In contentious debate, Hill defends laws on harassment

Anita Hill LAW ’80 sat quietly smiling, as she was introduced to the audience at the Law School Auditorium Saturday morning as a professor of Social Policy, Law, and Women’s Studies at Brandeis University. But within the first five minutes of her address, she finally gave the members of the crowd what they likely had been waiting for.

“Most of you are probably wondering, ‘At what point is she going to raise the issue of the hearings of 1991?’” Hill said, referring to her 1991 confirmation hearing testimony that now Supreme Court Justice Clarence Thomas had sexually harassed her. A quiet but distinct collective intake of breath among the crowd was audible.

“Two minutes,” she promised.

But Hill had much more important issues to discuss than old scandals, and only referred to Thomas in a few jokes.

Hill was on campus as a participant in a panel called “Inventing Rights: Yale Law School and the Law of Sexual Harassment,” one of the 50 events scheduled over the weekend to celebrate Yale’s Tercentennial. Catharine MacKinnon LAW ’77, among the early leaders in sexual harassment law; Jeffrey Rosen, Legal Affairs Editor of The New Republic; lawyer Deborah Ashford ’81; and Yale Law School professors Vicki Schultz and Judith Resnik joined Hill for the discussion. The panel rapidly evolved into a contentious debate between the members of the “old guard” in the relatively young specialty of sexual harassment law — most strongly defended by MacKinnon and Hill — and the newer-school theorists who hope to modify the terms of the discourse, represented by Rosen and Schultz.

“What distinguished the debate from others I attended was that there seemed to be more lively debate among the panelists,” Sarah Sherblom ’04 said. “It wasn’t clear exactly what the path the debate was going to take.”

MacKinnon began the discussion by expressing satisfaction over the development of sexual harassment law, which she said offers the only real hope for equality in relations between men and women. But she cautioned that although the law has so far “dodged the bullet of freedom of speech,” it may have to struggle to survive against legal and political attack.

Ashford followed MacKinnon’s celebration of the law with the optimistic announcement that the concept of sexual harassment is going global.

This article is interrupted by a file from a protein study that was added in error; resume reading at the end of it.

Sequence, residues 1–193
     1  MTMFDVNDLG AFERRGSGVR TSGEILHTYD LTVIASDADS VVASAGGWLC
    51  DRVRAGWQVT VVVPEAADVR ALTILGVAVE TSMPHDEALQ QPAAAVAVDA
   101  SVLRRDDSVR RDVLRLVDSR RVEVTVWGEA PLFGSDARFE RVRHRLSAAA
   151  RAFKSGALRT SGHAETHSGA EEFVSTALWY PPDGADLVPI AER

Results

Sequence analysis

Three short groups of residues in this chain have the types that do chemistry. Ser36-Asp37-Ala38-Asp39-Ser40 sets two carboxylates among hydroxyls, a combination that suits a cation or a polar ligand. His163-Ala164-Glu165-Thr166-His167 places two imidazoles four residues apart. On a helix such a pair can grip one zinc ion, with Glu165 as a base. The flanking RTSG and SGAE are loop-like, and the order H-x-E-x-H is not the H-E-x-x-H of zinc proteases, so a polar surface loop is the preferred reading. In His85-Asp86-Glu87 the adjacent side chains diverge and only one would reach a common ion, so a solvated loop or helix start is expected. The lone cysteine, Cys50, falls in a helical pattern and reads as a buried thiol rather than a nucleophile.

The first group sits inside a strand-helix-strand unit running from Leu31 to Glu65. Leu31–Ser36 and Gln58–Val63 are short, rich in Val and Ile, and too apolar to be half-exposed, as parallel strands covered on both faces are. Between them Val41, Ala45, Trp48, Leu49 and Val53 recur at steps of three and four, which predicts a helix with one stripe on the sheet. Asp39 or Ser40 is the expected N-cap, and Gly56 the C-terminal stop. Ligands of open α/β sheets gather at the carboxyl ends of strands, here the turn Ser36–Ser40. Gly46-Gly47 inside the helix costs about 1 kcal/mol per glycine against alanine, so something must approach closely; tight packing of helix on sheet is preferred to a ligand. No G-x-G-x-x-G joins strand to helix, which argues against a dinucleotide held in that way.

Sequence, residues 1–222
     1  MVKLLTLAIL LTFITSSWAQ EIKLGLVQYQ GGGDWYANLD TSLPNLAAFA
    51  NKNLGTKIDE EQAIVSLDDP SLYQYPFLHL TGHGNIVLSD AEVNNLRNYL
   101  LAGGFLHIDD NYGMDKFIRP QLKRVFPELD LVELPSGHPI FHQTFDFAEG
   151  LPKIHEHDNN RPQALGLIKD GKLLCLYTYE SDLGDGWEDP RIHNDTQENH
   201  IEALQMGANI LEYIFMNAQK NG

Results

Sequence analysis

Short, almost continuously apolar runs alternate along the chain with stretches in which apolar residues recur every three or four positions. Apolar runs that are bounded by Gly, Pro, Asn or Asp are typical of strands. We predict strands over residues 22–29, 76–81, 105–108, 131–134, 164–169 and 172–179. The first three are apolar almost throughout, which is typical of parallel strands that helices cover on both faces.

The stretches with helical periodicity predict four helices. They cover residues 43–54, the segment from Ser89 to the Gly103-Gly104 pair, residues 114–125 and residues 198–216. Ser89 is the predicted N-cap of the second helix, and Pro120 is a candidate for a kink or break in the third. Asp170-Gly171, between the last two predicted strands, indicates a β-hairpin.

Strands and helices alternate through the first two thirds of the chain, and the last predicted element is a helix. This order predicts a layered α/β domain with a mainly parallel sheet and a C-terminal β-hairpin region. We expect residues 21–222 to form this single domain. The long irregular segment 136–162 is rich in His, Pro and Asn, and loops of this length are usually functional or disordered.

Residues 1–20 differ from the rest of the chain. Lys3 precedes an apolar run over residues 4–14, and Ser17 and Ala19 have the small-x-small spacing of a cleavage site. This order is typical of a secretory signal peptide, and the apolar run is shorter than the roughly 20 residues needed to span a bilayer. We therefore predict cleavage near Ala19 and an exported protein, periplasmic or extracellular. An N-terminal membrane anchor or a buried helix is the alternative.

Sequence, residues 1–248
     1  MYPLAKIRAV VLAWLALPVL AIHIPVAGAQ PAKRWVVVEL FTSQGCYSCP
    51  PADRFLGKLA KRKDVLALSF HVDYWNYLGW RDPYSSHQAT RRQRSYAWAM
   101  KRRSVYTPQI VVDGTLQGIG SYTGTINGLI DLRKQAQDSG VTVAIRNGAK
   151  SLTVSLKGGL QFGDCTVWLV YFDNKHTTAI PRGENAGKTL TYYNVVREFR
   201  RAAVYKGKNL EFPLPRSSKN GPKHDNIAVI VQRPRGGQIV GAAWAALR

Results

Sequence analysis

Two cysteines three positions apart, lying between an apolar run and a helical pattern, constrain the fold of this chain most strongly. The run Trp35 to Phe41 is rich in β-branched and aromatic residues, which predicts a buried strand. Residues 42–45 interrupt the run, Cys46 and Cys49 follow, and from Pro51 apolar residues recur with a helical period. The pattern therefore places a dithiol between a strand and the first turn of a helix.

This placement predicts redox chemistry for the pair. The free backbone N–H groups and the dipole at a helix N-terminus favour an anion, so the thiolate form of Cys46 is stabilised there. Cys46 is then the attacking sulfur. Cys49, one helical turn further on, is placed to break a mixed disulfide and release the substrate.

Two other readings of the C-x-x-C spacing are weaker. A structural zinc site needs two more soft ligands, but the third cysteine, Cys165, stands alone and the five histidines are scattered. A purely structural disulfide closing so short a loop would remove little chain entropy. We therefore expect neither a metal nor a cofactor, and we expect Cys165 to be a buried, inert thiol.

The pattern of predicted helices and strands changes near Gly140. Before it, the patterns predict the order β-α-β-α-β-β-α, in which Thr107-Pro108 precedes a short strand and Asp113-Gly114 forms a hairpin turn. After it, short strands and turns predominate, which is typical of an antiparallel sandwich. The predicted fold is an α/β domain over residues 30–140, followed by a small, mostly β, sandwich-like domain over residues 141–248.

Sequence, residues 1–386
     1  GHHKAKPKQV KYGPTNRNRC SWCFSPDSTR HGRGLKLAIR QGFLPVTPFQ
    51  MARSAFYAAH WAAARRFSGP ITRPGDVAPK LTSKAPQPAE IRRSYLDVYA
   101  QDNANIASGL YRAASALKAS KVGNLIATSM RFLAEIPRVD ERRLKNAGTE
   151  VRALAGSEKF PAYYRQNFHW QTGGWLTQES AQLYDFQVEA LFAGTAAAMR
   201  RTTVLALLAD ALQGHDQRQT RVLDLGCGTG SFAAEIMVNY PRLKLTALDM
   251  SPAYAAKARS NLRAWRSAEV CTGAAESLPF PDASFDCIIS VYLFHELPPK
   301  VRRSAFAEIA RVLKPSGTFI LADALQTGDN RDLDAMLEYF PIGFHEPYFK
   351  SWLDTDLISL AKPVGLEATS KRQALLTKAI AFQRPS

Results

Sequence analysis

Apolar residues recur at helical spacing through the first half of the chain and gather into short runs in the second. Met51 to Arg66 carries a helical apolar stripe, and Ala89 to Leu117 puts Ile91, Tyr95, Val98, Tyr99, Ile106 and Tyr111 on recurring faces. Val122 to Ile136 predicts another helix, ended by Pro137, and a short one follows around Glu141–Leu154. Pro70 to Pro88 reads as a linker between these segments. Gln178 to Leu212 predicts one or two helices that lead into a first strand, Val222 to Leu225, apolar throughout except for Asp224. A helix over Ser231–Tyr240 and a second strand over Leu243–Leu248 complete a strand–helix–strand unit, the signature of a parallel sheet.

“Across cultures, social classes and national borders, behavior is changing,” Ashford said.

Hill’s argument primarily focused on the need now for real societal change beyond the law. She called for further public engagement, access, awareness and recourse to the laws about gender harassment.

Schultz launched the attack on what she called a “sexual paradigm” that merely serves to divert attention from “more common, non-sexual forms of gender-based hostility.”

Instead of sexual harassment, Schultz said, the law should be focused around preventing exclusionary harassment “along gender lines” that is designed to “keep ‘work’ as a preserve of masculine dominance.”

Schultz was joined by Rosen in hoping to revise the traditional definition of sexual harassment. Rosen described such law as part of a general erosion of privacy over the last quarter century. He said companies are so frightened of being liable for creating a “hostile work environment,” which is the legal standard for what constitutes sexual harassment, that they are led to invade their employees’ private e-mail correspondence and telephone conversations.

“Privacy protects us from being judged out of context in a world of short atention spans,” Rosen said. “We need privacy in order to be human.”

And then the discussion got much more heated. MacKinnon began her argument against what she referred to a “species one and species two of denial” — the arguments of Rosen and Schultz.

“Why doesn’t Jeff Rosen understand?” MacKinnon asked the audience rhetorically.

Cyd Cipolla ’04 was taken aback.

“People were literally yelling at each other,” Cipolla said.

But MacKinnon had the last word.

“Sexual harassment law has not clouded our vision about gender-based discrimination,” she said. “It has allowed the possibility of our seeing it.

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